Conservative blames 'political correctness' for pausing COVID-19 vaccine trials to ensure it works for everyone
Experts warn poorer and developing countries face a string of hurdles that could deny billions of people the first proven protection against the coronavirus Pamela TULIZO AFP

A conservative columnist complained that pausing to ensure coronavirus vaccines worked on demographics that were hardest hit by the pandemic was intolerable "political correctness."

Aerospace engineer Robert Zubrin published a column for National Review reacting to a New York Times report on the rush to develop a vaccine for the potentially deadly and highly contagious coronavirus, and complaining the process hadn't been swift enough.

"This situation was made even worse when Moncef Slaoui, head of the Trump administration’s 'Operation Warp Speed,' contacted Moderna on August 25 and told them they had to pause the final stage of their testing program until they recruited more minority subjects," Zubrin wrote. "This delightful piece of political correctness cost Moderna a month, during which time approximately 40,000 Americans died from coronavirus."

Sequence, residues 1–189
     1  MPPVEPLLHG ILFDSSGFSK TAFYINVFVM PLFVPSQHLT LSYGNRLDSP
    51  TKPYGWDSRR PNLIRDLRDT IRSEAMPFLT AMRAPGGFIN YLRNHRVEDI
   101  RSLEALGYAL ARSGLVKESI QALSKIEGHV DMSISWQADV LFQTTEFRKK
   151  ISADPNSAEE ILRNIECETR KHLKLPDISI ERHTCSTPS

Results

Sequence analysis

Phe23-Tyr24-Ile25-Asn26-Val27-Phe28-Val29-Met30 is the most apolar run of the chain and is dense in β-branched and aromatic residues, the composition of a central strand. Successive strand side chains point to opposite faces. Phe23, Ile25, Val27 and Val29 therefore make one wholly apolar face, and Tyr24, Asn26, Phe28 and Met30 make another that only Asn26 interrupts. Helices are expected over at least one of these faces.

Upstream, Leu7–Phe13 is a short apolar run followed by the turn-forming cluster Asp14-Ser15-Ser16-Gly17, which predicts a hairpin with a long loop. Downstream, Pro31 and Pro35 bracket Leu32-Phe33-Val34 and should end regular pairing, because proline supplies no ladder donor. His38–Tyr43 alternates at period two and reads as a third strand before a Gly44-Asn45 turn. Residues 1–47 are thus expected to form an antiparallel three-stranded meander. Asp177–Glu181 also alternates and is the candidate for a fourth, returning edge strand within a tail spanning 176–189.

As Twitter user @_Almaqah pointed out Thursday, that "delightful piece of political correctness" was a revision to the trials recommended by Slaoui that ensure the vaccine worked for some of the people who had been most harmed by COVID-19.

"Dr. Slaoui informed Mr. Bancel that Moderna had not recruited enough minority candidates into its vaccine trials," the Times reported. "If it could not prove its vaccine worked well for Black and Hispanic Americans, who have been disproportionately affected by the pandemic, it would not make it over the finish line."

Both Moderna and Pfizer, who were locked in a race to develop a vaccine, ultimately succeeded in their goal and could begin inoculating against COVID-19 by the end of the year.

Black and Hispanic people account for nearly 60 percent of COVID-19 hospitalizations, according to a recent study, despite making up less than 20 percent of the population in the regions covered by the research.